YOUR Military Story- What was food like at your Boot Camp?

Note: This is part of series to help ALL who served and their families to reminisce, remember and record memories and stories of your military service. Be sure to check out all the other posts and comment in the white space below each one!

Last time I talked about what extra duties or jobs  you performed while in Boot Camp.

Let's talk FOOD.  Chow.  Mess.  Your daily sustenance.  They say the Army moves on its belly.  I know I am safe to say that the Navy, Air Force, Marines and Coast Guard are no different. We kike to eat!!

Chow time was something everyone looked forward to....they put you through the paces with endless exercise, marching and more so physical and mental drain happened daily.  Chow made this all possible.

At my Boot Camp at Fort Jackson, South Carolina, breakfast was given to us after physical training and getting a shower, at approximately 0630 each day.  Sometimes we had to wait in a long line while other platoons ate first.  This waiting time was never put to waste by our ever- present drill sergeants.  Oh no.  We couldn't just relax a minute after P.T., talk quietly to our friends, and daydream about home.  It was full-on drill and ceremony.  Endless commands of, "right face, right face, about face, left face, about face," and the sigh-inducing command if someone messed up of, "half- left face!!" which meant it was the front leaning rest position or push-ups for us.

Breakfast was normally good.  There were always scrambled eggs, bacon, biscuits and grits.  This was the south after all.  Occasionally there would be biscuits and gravy, SOS ("shit on a shingle", or dried beef on toast), and potatoes.

Lunch was either in the chow hall if we were around Post, or portable MREs or mermite prepared hot food served if we were in the field training.  Dinner was around 1700, and was a variety of things similar to if we ate lunch in the chow hall.  Some meals I can remember were red beans and rice- served a lot because it was cheap, filling and full of protein- pork chops, scalloped potatoes, baked chicken, hamburgers, all other kinds of chicken and chicken casseroles, and tuna casserole.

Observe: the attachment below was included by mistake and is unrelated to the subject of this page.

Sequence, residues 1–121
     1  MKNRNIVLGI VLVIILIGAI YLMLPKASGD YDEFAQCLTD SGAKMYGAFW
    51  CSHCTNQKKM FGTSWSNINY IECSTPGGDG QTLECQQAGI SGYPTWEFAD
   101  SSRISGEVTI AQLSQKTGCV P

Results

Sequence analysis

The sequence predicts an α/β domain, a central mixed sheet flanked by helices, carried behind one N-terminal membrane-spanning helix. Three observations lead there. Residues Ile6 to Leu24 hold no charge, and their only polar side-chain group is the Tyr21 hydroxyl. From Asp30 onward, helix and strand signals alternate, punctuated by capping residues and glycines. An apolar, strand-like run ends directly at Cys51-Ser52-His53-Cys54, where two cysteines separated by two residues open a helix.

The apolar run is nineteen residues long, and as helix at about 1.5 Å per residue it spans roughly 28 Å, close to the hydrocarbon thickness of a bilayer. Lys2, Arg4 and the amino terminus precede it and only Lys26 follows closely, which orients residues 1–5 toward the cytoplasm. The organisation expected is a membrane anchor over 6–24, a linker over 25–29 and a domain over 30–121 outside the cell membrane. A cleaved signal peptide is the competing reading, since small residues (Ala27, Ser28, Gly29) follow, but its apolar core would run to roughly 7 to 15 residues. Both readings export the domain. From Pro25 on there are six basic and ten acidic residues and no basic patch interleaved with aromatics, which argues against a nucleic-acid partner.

The beverages served were juice or water or milk at breakfast, and at lunch and dinner it was water or "Victory Juice'- a salty kool-aid like drink that was said to help stop any dehydration and was rumored to curb attraction to the opposite sex.  

After I left boot camp I came to like grits and red beans and rice, which this northern Yankee from Ohio had never had until that time!  Your turn- 

What do you remember about YOUR chow while in training?

Simply type in the white space below and click "Add Comment".

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Comment by E Potts on June 6, 2015 at 10:30am

I lost weight and needed to gain to begin with. I went throgh a big growth spurt before I joined and was already an extremely active person. PT was not intense enough for my liking either. IT was less food than I would have ate before basic. They were not giving you much food or much time to eat in 1983. I suspect this was intentional because at the time there was concern about an increasingly overweight population. The food was ok .I am a decent cook and liked to do things for myself at a very young age so the food did not impress me much.

Comment by Andy Stahl on October 13, 2014 at 10:30pm

I remember waiting for about 45 minutes at parade rest for each meal. This one time I sat down with my meal and started choking it down as fast as I could, I looked across the table at another joe who was taking a drink of "electrolyte juice" (watered down Gatorade). All of a sudden he coughed a bit and spit out something black. After closer inspection, it was the top half of a cockroach torso. Yummy! We continued eating...:)

Comment by Bill McKinnon on September 17, 2014 at 11:34am

Our chow was actually pretty good. Breakfast was the best of the 3. I think we had the same "bug juice" as we called it. Being stationed on Norfolk for 3 years I learned to like grits (lots of butter) Never developed a taste for  Red beans and Rice.

Comment by Claudia Bartow on September 10, 2014 at 8:34pm

Dale,  your experience sounds typical of so many others.  I liked the SOS, too!  I still like it in fact.  I am going to have to make some soon.  I am glad you had such a good experience and that you didn't starve to death :)

Thanks so much for sharing!

Comment by Dale Day on September 10, 2014 at 10:08am

Actually, although it was more than 5 decades ago, I remember it to be quite decent!

My first memory was of the milk dispensers where we could get all we wanted.

I went through BCT at Fort Ord and the food was more than nutritious enough to carry our bodies through the intensive physical activities demanded of us. Hearty meals with hearty portions. And yes, I didn't mind the S-on-a-Shingle that so many booed. Especially with helpings of scrambled eggs and home fried potatoes.

Every thing we could want.

I do remember though going to the PX snack bar to pick up some goodies now and then.

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